The music is great, but it is the superlative cast of young stars that made this movie so memorable.   The "kids" of American Graffiti (though most weren't as young as the characters they played) formed a unique group of young actors that fit squarely in cinematic history between the Rat Pack of the 1950's and 1960's, and the Brat Pack of the 1980's.

It's an ensemble cast with all of the actors playing characters of roughly equal importance.  Richard Dreyfus, who could easily pass for a high school freshman in the film, was actually twenty-six when this movie was made.  Ron Howard probably came the nearest of any cast member to being the age of the character he portrayed.  Howard played a recent high school graduate getting ready to head off to college.  He was nineteen at the time the movie was filmed.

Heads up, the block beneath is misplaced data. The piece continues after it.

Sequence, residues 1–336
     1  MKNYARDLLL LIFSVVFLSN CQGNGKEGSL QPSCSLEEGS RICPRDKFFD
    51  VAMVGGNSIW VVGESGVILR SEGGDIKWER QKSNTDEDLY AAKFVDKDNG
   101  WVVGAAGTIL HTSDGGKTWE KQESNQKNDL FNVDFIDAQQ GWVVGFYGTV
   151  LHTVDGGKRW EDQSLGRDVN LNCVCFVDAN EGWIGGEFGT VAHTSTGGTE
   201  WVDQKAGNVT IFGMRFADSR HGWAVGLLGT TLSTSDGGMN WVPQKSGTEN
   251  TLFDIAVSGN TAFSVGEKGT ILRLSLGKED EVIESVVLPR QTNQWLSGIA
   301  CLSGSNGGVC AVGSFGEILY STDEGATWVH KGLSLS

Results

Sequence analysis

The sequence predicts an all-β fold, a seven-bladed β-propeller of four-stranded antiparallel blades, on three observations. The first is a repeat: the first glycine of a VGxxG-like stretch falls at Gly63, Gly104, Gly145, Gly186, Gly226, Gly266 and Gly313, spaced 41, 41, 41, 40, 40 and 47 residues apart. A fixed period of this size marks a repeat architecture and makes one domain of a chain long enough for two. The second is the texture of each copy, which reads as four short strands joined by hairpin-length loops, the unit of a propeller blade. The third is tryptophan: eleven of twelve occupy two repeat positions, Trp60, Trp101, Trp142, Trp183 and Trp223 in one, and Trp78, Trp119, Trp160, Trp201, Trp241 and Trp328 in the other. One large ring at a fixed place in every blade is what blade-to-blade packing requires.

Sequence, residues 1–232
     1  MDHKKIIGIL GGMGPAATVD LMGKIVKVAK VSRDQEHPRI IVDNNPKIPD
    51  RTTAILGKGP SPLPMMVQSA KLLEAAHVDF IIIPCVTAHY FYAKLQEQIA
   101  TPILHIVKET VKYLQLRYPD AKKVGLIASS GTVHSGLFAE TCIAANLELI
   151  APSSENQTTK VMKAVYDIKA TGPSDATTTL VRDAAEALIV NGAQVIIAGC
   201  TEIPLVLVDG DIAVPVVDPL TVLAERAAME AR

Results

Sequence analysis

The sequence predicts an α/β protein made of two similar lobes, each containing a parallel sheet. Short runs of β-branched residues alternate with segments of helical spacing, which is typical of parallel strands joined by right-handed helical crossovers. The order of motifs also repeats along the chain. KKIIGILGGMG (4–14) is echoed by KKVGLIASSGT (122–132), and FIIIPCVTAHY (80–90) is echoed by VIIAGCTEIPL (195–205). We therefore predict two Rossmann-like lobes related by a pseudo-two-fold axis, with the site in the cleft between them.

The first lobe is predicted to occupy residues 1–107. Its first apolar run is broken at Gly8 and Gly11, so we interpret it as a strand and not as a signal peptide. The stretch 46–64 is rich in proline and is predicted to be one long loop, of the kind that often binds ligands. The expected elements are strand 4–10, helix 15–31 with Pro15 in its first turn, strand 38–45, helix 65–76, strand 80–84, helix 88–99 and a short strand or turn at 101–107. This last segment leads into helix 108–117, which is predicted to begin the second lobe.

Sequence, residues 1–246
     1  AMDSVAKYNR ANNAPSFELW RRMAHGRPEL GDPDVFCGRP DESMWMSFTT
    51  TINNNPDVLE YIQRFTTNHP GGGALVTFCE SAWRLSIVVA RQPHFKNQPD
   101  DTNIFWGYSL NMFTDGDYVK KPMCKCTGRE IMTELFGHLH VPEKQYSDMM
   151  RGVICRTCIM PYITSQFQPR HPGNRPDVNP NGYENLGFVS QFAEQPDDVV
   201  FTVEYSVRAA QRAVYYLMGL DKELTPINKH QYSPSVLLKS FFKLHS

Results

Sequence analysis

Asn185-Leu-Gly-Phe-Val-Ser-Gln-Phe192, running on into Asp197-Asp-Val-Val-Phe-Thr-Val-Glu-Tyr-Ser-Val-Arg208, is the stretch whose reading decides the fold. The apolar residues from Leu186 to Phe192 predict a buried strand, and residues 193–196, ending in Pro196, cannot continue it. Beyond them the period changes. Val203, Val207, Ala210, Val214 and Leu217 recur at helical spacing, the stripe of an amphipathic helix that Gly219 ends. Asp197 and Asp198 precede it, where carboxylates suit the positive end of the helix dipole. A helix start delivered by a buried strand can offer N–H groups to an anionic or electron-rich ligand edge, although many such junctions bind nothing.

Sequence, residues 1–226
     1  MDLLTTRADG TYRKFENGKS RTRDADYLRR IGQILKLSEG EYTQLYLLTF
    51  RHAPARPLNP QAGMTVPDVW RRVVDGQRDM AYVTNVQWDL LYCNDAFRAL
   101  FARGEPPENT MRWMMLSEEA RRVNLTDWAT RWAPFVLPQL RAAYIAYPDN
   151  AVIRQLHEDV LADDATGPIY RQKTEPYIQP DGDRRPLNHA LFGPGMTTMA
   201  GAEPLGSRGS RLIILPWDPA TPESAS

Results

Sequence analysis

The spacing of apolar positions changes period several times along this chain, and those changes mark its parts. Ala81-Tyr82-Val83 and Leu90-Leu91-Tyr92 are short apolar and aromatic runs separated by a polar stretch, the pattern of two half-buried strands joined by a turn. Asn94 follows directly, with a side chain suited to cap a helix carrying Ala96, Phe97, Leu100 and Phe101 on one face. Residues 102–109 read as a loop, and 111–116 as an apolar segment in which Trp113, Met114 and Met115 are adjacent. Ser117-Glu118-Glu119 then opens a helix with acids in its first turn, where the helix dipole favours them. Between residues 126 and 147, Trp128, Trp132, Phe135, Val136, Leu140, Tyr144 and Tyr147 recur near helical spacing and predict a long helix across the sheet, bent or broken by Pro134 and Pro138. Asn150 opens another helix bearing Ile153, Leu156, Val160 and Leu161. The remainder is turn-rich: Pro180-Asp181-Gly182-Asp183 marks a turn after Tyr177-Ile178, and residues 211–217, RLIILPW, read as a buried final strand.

Howard's girlfriend in American Graffiti was Cindy Williams who later became famous as Shirley of the television sitcom Laverne and Shirley.  Ms. Williams, like Dreyfus, was a young adult twenty-six when she played Ron Howard's romantic interest.  Suzanne Somers, the mysterious blond in the Thunderbird, was twenty-seven, and Harrison Ford, the juvenile delinquent drag-racer, was the old man of the group at thirty-one - though he looked to be about nineteen.

The baby of the cast was fourteen-year-old McKenzie Phillips.  She spent most of the evening cruising with twenty-eight-year-old Paul Le Mot.  Ms. Philips gave quite a credible performance as the pesky little sister who gets palmed off on Le Mot early in the movie.